NATO just approved its newest member, but the country has to change its name to join

ROBERT ATANASOVSKI/AFP/Getty ImagesA general view shows Skopje’s main square, Macedonia, on February 6, 2019.
  • The 29 NATO members signed off Wednesday on Macedonia joining the bloc, 28 years after it became independent.
  • Macedonia couldn’t join before because neighbouring Greece kept blocking it, citing a longstanding dispute over the country’s name.
  • The logjam was broken when Macedonia agreed to formally rename itself the Republic of North Macedonia.

NATO approved its newest member on Wednesday after Macedonia agreed to change its name to secure admission.

All 29 members of NATO signed the accession protocol for Macedonia, beginning a process of ratification that is likely to result in the Balkan state joining the world’s most powerful military alliance.

Macedonia has been trying to join NATO since it became independent 28 years ago. But every application had been blocked by neighbouring Greece because of a regional dispute over Macedonia’s name.

Greece agreed to stop blocking Macedonia if it formally renamed itself the Republic of North Macedonia. Lawmakers in both countries in June agreed to the deal, known as the Prespa Agreement, which is due to take effect soon.

NATO MAcedonia signNATOPermanent representatives of the 29 members of NATO signed the Accession Protocol for the future Republic of North Macedonia in Brussels on Wednesday.

Greece objected to the name Macedonia – which the country adopted in 1991 when Yugoslavia collapsed – because Macedonia is also the name of a region of Greece. Politicians in Greece argued that the name suggested the country had ambitions to one day rule Greek Macedonia as well.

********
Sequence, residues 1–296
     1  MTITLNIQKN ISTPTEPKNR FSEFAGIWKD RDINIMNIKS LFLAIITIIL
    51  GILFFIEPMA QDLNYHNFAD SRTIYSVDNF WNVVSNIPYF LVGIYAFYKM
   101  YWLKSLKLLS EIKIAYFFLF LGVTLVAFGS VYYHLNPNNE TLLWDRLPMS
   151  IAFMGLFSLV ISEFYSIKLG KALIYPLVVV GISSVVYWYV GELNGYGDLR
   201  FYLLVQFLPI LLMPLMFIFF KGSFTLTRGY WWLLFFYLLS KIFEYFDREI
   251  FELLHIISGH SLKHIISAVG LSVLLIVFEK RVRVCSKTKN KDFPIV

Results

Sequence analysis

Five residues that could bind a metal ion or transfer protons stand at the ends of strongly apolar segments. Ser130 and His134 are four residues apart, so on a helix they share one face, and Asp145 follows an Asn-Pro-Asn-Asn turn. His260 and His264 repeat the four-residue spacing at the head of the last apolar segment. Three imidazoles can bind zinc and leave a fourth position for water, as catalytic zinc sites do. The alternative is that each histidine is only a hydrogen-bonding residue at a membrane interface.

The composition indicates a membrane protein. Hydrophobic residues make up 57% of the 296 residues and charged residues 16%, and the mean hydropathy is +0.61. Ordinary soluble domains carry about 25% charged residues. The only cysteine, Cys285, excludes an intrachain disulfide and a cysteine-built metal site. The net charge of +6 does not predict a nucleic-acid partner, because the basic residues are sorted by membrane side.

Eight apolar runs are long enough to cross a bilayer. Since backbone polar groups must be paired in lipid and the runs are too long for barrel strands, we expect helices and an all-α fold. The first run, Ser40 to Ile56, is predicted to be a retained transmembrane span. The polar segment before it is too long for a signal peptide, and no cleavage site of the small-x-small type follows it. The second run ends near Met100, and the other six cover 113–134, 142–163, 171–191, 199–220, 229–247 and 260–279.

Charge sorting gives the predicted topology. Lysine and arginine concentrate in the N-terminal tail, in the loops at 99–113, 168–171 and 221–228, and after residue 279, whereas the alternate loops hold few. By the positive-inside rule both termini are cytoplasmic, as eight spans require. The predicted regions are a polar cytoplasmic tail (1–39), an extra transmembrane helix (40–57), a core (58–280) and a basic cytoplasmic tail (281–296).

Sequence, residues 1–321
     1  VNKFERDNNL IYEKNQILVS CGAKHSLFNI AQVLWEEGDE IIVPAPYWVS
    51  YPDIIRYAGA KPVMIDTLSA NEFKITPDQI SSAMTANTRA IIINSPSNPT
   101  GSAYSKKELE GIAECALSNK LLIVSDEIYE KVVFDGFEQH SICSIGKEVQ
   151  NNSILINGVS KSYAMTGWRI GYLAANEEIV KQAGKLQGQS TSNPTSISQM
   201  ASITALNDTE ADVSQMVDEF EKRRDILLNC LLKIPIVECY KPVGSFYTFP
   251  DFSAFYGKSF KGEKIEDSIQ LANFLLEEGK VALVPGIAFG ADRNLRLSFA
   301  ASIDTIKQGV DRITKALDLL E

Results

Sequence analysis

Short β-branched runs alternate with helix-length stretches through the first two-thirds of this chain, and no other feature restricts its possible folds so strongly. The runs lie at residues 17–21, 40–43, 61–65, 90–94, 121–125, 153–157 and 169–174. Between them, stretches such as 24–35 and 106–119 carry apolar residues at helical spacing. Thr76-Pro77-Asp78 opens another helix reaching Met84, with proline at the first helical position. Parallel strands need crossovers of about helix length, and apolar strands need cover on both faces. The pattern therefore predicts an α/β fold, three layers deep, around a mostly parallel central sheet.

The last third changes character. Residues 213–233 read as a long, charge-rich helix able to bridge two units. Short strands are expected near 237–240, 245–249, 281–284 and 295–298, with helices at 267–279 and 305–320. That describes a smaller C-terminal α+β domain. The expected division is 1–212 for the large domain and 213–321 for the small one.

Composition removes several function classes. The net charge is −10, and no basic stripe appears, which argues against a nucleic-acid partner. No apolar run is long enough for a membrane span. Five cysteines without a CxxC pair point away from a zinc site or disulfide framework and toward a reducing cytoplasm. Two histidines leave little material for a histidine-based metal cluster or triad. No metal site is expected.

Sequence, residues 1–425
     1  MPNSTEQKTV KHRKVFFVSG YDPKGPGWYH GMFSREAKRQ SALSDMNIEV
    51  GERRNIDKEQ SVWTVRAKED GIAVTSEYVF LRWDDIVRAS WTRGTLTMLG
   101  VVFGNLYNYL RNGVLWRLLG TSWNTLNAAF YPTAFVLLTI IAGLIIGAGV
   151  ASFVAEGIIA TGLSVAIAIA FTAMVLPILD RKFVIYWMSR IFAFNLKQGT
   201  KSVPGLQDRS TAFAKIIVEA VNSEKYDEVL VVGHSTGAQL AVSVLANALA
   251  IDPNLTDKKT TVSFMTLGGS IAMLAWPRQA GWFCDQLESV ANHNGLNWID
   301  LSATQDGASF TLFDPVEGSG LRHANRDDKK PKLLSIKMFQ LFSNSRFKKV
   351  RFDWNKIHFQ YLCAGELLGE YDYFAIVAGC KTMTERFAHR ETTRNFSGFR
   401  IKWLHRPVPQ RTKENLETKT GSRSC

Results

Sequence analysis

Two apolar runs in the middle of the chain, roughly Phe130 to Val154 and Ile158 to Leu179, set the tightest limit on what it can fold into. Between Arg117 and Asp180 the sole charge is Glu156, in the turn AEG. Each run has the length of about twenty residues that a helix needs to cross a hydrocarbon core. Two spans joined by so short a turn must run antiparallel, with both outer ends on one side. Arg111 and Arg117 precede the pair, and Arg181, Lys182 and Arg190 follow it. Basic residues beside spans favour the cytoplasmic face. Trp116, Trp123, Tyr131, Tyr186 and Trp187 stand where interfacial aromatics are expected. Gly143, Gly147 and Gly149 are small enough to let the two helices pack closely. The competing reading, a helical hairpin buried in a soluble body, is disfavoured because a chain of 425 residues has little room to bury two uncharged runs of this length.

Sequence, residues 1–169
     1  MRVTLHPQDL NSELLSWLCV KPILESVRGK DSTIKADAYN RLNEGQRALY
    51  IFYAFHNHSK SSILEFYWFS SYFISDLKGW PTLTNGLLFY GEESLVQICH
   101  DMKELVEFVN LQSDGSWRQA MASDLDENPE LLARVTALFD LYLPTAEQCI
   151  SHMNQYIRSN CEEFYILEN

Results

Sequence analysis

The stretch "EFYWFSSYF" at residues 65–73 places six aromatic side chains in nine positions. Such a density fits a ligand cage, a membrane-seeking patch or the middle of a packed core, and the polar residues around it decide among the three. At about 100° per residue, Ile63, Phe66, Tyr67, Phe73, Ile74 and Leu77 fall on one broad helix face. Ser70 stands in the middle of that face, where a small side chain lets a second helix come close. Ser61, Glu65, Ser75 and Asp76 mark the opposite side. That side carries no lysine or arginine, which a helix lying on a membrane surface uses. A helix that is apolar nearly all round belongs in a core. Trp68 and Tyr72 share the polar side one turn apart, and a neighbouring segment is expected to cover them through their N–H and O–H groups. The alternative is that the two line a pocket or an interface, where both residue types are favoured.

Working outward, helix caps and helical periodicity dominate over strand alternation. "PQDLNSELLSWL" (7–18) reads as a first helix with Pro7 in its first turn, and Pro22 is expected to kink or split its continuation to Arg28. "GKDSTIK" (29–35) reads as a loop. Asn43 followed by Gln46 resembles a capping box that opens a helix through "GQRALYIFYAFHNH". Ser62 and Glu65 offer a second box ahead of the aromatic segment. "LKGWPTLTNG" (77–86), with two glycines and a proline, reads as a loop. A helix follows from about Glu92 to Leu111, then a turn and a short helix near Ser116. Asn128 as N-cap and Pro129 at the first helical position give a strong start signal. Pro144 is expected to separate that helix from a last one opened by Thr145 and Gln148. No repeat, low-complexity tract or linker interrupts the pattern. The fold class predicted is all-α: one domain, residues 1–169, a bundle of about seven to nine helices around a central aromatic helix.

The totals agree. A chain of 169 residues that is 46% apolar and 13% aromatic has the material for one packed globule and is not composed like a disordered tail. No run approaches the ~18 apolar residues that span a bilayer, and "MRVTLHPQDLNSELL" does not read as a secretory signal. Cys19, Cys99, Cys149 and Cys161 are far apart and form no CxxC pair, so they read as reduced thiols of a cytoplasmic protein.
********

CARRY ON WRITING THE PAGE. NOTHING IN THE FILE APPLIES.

Greece also argued that Macedonia was wrongly associating itself with the historical figure Alexander the Great, also known as Alexander III of Macedon, even though he came from modern-day Greece.

Macedonian Foreign Minister Nikola Dimitrov told the Turkish newspaper Yeni Safak last month that the name change could happen in “a matter of days.”

Alexander the greatWikimedia CommonsThe name Alexander spread through Europe in the 4th century thanks to Alexander the Great.

According to NATO’s processes, all 29 members, including Greece,would need to ratify the accession.

Any country could technically veto it. But that’s unlikely, as the only one to object had been Greece until the Prespa Agreement: Macedonia would change its name, and in return Greece would stop blocking its NATO membership.

If the other 29 members ratify the accession, Macedonia would then pass its own ratification legislation, at which point it would become a NATO member.

The decision to change the name split the country. An advisory referendum late last year was rejected because of low voter turnout. The country’s parliament later agreed to the change.

NATO Secretary-General Jens Stoltenberg described Wednesday as “a historic day.”

The latest country to join NATO was Montenegro in 2017. Bosnia and Herzegovina, Georgia, and Ukraine have expressed interest in joining.

Countries aspiring to join NATO have to demonstrate that they are in a position to further the principles of the 1949 Washington Treaty and contribute to security in the Euro-Atlantic area.

They are also expected to meet certain political, economic, and military criteria, including spending a minimum proportion of gross domestic product on their militaries.

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